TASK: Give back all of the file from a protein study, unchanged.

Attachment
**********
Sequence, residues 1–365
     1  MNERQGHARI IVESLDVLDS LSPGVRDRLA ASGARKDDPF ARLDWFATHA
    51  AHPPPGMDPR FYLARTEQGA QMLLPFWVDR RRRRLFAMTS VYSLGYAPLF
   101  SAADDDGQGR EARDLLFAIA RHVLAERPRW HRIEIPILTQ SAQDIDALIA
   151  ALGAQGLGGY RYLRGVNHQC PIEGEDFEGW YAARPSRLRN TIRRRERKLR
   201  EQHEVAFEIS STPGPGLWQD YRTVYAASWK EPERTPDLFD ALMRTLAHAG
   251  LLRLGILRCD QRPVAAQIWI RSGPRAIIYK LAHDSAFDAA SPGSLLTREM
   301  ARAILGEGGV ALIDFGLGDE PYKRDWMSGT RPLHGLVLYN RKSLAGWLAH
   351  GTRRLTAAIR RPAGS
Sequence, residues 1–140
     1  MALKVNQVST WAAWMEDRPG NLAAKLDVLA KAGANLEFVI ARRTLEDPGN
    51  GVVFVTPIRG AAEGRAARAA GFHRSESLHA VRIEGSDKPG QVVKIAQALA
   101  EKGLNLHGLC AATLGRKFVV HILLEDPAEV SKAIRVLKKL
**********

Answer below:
Sequence, residues 1–365
     1  MNERQGHARI IVESLDVLDS LSPGVRDRLA ASGARKDDPF ARLDWFATHA
    51  AHPPPGMDPR FYLARTEQGA QMLLPFWVDR RRRRLFAMTS VYSLGYAPLF
   101  SAADDDGQGR EARDLLFAIA RHVLAERPRW HRIEIPILTQ SAQDIDALIA
   151  ALGAQGLGGY RYLRGVNHQC PIEGEDFEGW YAARPSRLRN TIRRRERKLR
   201  EQHEVAFEIS STPGPGLWQD YRTVYAASWK EPERTPDLFD ALMRTLAHAG
   251  LLRLGILRCD QRPVAAQIWI RSGPRAIIYK LAHDSAFDAA SPGSLLTREM
   301  ARAILGEGGV ALIDFGLGDE PYKRDWMSGT RPLHGLVLYN RKSLAGWLAH
   351  GTRRLTAAIR RPAGS
Sequence, residues 1–140
     1  MALKVNQVST WAAWMEDRPG NLAAKLDVLA KAGANLEFVI ARRTLEDPGN
    51  GVVFVTPIRG AAEGRAARAA GFHRSESLHA VRIEGSDKPG QVVKIAQALA
   101  EKGLNLHGLC AATLGRKFVV HILLEDPAEV SKAIRVLKKL